World Congress of Soil Science Logo 18th World Congress of Soil Science
July 9-15, 2006 - Philadelphia, Pennsylvania, USA
International Union of Soil Sciences

Monday, 10 July 2006 - Friday, 14 July 2006

This presentation is part of 131: 1.5A Diffuse Reflectance Spectroscopy, Soil Sensing, Remote Sensing and Image Analysis - Poster

In Season Crop N Management Using Active Crop Canopy Sensors.

Fernando Solari, Univ of Nebraska, 305 Keim Hall, Lincoln, NE 68503-0915, John Shanahan, USDA-ARS, 120 Keim Hall, Univ of Nebraska, Lincoln, NE 68583-0934, and James Schepers, USDA-ARS, Lincoln NE, 113 Keim Hall, Univ of Nebraska, Lincoln, NE 68583-0915.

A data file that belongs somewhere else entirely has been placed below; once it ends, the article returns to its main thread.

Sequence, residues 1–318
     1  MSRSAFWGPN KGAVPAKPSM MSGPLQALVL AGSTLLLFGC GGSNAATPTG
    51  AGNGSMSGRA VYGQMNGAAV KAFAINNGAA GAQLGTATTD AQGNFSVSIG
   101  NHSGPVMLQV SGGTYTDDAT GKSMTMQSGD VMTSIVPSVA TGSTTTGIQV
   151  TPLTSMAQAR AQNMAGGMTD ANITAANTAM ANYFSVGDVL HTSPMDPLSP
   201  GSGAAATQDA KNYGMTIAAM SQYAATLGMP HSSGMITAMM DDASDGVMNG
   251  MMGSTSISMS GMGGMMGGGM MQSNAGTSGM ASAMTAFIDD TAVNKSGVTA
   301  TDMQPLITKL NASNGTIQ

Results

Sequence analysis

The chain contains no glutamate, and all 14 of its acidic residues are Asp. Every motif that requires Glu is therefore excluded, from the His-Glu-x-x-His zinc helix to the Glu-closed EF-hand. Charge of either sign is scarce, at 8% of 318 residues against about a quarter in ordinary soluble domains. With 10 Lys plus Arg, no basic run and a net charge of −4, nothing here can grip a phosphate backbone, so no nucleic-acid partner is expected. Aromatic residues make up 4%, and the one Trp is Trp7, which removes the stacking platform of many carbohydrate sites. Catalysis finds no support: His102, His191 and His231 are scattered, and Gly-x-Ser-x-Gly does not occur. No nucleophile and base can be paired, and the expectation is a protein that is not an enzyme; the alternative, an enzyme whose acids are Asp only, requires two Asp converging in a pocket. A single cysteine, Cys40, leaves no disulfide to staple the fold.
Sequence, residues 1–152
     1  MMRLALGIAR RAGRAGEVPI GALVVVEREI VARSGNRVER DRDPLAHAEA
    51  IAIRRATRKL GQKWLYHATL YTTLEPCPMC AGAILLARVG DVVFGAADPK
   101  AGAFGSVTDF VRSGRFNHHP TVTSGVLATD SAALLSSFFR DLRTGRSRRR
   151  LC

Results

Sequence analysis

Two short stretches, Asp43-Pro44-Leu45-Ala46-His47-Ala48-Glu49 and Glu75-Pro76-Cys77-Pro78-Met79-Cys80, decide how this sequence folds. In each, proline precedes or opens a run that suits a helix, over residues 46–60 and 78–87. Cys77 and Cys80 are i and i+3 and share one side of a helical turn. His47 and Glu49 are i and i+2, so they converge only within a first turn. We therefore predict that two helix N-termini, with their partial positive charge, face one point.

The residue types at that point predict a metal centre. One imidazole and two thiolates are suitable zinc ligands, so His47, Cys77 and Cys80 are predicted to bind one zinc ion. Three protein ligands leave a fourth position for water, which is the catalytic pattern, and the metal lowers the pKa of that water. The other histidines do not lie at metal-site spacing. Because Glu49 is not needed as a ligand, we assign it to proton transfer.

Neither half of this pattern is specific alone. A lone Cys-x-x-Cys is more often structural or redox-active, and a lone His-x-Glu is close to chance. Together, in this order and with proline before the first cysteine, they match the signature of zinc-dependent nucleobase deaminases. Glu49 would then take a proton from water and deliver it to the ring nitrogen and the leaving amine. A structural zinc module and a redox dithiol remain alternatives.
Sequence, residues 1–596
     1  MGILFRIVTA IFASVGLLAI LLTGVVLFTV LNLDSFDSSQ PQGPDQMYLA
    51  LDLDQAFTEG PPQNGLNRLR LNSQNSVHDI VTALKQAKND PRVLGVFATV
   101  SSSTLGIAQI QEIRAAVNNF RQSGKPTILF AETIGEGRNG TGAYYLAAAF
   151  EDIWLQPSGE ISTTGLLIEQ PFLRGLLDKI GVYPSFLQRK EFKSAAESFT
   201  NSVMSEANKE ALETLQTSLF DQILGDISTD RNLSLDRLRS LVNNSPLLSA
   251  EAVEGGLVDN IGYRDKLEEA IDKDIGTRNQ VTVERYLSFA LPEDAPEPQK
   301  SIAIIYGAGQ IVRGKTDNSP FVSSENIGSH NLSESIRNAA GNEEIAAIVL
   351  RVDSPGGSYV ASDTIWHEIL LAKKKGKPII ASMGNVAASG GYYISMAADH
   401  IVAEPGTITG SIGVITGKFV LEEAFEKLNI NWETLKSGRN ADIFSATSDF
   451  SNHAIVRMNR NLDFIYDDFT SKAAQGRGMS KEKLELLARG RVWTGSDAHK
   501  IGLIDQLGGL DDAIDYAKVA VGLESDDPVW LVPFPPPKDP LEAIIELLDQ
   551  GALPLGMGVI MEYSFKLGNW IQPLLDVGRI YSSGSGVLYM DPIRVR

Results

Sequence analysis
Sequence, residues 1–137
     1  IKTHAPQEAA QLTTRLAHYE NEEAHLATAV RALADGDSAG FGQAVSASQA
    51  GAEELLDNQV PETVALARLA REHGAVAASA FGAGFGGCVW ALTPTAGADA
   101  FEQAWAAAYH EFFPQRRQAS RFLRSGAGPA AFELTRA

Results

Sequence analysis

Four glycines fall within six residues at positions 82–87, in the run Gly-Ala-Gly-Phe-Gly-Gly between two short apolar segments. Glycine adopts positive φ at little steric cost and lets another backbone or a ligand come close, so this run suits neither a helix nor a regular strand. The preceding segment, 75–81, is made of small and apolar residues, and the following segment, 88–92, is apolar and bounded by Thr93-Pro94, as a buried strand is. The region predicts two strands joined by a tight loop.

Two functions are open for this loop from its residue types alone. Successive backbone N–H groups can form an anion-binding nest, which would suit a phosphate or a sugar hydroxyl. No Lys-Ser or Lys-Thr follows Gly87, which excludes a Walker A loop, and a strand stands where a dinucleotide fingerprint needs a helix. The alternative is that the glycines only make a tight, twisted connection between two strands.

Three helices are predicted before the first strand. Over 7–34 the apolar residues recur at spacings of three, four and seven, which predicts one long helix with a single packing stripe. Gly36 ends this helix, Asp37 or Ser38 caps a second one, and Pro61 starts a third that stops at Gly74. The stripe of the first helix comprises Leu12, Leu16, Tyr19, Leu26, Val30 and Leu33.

Traditional nitrogen (N) management schemes for corn production in the USA have resulted in low N use efficiency (NUE), environmental contamination, and considerable public debate regarding use of N fertilizers in crop production. Hence, development of alternative schemes that improve NUE and minimize environmental impact will be crucial to sustaining corn-based farming in the USA. The major causes for low NUE of traditional N management practices are: 1) pre-plant application of large doses of N, and 2) uniform application rates to spatially variable landscapes. Pre-plant applications of high N rates results in poor synchronization between N supply and crop uptake. Uniform applications within fields discount the fact that N supplies from the soil and crop N uptake is spatially variable. When N is managed in this way it is at considerable risk for environmental loss. The use of a soil-based management zones (MZ) approach has been proposed as a means do direct variable N application rates to better match N supply with landscape spatial variation in crop N requirements. However, evidence has accumulated suggesting that the MZ approach alone will not be completely effective in making accurate variable N applications, given the large effect temporal variation in corn belt climate has on expression of spatial variation in crop N needs. We have assembled a prototype high-clearance tractor configured with active crop canopy sensors, drop nozzles with electronic valves, and variable rate controller that is intended to deliver in-season variable rates of liquid N fertilizer period from canopy closure up to flowering based on crop needs. Various small plot and on farm strip trials were conducted in central Nebraska to evaluate the various components of the high-clearance applicator and the response of corn grain yields to varying rates of N applied at different growth stages and across landscape spatial variability. Spatial variation in soil properties like soil color and apparent electrical conductivity were also assessed. Results indicated that the active sensors are capable of detecting variation in corn canopy N status during the window we propose to apply N. Yield responses to N application were observed to vary across the landscape, and N responsiveness was associated with sensor-determined variation in canopy N status as well as spatial variation in soil properties such as soil color. This poster presentation will highlight our vision for combining the soil-based MZ and the crop-based remote sensing approaches into an integrated system for making in-season variable N applications under site-specific soil and ever-changing climatic conditions, to more efficiently apply N.

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